Bits of News from a Hundred Years Ago.
Cover Image: Masthead of Ka Hoku o Hawaii published on March 1, 1923.
Aloha Nūhou Monday!
In many of the Hawaiian language newspapers, there was a column of short news items of all sorts: descriptions of neighborhood parties, the latest weather, fundraiser announcements, and who took whom to court and for what.
The columns would come under titles like, “Kela ame Keia” [This and That], “Na Hunahuna Mea Hou” [Bits of News], “Nuhou Kuloko” [Local News], “Nuhou Kuloko Pokole” [Short Local News], “Nuhou Hope Loa” [Latest News], “Na Anoai” [News], and “Hunahuna Kuloko” [Local Bits]. The following is from the Hilo newspaper Ka Hoku o Hawaii, and so most of the news is from Hilo.
Image: “Kela ame Keia,” Ka Hoku o Hawaii, Buke XVI, Helu 40, Aoao 3. Maraki 1, 1923.
THIS AND THAT
What do the women think of being taxed $5.00 a year?
The grand jury will convene to consider the case of Joe Anaru [Joseph Andrews] of the office of public lands of Hilo.
According to the latest news received by the Hoku, it will be a haole who will fill the place of Andrews of the office of public lands of Hilo.
The members of the legislature must search carefully for haole women schoolteachers who wander about at night. Perhaps these are the seeds of bringing in teachers here to Hawaiʻi.
There is a bill introduced in the House of Representatives that would give the wife of Delegate Kūhiō [Elizabeth Kahanu] a pension of $500.
The Finance Committee of the House of Representatives refused to cut the pay of Territorial employees in this session of the legislature, save for some unexpected happening.
On the 5th of March the committees of the Welfare Bureau will go into the communities to ask for assistance with its current funds.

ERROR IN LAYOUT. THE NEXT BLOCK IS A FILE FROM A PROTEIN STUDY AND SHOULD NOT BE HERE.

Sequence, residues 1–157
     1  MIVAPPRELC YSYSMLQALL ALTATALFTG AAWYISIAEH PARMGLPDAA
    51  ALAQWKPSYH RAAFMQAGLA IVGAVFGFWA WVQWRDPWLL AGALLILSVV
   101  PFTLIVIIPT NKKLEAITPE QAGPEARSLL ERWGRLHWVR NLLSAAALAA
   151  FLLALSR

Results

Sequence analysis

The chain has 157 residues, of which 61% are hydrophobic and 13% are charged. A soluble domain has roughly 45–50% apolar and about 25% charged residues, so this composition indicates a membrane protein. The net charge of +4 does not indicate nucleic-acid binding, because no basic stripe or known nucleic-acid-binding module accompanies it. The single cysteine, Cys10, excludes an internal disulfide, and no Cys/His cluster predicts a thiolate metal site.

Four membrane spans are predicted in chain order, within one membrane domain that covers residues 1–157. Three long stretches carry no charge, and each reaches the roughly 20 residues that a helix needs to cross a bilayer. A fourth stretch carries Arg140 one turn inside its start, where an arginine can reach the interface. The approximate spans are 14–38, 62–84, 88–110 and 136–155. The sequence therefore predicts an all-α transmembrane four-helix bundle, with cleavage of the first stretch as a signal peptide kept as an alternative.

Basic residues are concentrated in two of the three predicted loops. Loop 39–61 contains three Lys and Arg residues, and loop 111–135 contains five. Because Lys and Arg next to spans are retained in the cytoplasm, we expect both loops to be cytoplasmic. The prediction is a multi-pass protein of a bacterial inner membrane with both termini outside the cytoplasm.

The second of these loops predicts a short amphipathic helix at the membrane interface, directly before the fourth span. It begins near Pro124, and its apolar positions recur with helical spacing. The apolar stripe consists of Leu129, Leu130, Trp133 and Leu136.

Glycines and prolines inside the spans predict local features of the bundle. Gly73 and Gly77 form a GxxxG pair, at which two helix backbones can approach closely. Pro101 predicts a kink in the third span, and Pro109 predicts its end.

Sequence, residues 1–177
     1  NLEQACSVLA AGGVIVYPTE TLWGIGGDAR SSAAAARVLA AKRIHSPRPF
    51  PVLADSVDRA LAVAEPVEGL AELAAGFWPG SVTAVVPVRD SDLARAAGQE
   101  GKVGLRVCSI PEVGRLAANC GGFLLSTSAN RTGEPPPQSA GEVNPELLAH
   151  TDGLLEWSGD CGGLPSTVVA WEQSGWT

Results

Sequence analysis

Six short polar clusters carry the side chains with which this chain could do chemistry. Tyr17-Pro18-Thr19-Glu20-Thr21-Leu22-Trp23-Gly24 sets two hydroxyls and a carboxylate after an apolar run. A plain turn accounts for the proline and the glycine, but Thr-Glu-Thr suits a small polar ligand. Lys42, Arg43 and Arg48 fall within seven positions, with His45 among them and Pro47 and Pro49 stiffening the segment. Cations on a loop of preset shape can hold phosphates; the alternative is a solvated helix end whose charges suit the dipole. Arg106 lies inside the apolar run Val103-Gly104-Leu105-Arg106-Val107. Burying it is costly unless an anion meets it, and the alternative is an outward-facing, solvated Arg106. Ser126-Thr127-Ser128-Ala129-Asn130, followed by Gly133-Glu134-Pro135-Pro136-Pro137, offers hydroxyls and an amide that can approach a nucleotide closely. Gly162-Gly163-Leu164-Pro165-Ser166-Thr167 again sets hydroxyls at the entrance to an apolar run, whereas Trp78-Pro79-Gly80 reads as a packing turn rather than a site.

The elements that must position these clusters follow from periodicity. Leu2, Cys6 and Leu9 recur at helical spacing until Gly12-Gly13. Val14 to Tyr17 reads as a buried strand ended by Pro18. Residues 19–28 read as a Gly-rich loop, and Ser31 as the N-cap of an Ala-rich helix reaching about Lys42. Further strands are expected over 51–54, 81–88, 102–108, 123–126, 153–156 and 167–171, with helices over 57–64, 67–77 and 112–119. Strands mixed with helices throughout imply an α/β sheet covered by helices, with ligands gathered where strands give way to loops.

This past Monday auditing of the Hilo Office of Public Lands was completed. But nothing was reported on how much that office is short.
The Volcano House is filled with people going to see the lava these nights.
There are many bills introduced in the legislature, and some of those bills are for the waste basket.
Rev. Akaiko Akana is the chaplain of the Senate.
Fourteen gamblers were arrested by the police last week, and they got off on $15 bail without going before S. L. Desha Jr. That is a lot of money for the County.
There was a laulau sale by the girls of the Haili Choir on the birthday of Washington, and they made some change. How lively.
The price of sugar is rising these days 7.26 cents.
The rain of Hilo is back these days, and the growing things of the land are green once again.
According to the report of Delegate Baldwin, the Congress of the United States passed the appropriation for the Breakwater of Hilo nei, that being $374,000.00
This past Monday the case of Joe Correa was held but the number of jurors was not sufficient to try the case. This was his second trial.
Senator Jarrett introduced a resolution that was approved of unanimously by the Senate, asking the Congress of the United States to have the Governor of Hawaiʻi be elected.
This Friday the Matsonia will stop here in Hilo with passengers who will go to see the Crater.
This coming week, our Board of Supervisors will meet.
(Hoku o Hawaii, 3/1/1923, p. 3)
Image: Prince and Princess Kalanianaʻole at the Louisiana Purchase Exposition in St. Louis, Missouri. 1903. Bishop Museum Archives. SP 120894
Image: Rev. Akaiko Akana of Kawaiahaʻo Church; Honolulu, Oʻahu, Hawaiʻi. June 1927. Photo by Williams Studio, Bishop Museum Archives. SP 102430.
Image: Volcano House hotel visitors observing a major eruption of Halemaʻumaʻu Crater; Kīlauea, Hawaiʻi. May 24, 1924. Photo by Tai Sing Loo, Bishop Museum Archives. SP 86421
This post is part of He Aupuni Palapala: Preserving and Digitizing the Hawaiian Language Newspapers, a partnership between Bishop Museum and Awaiaulu with assistance from Kamehameha Schools. Mahalo nui loa to Hawaii Tourism Authority for their support. Learn more about this project here.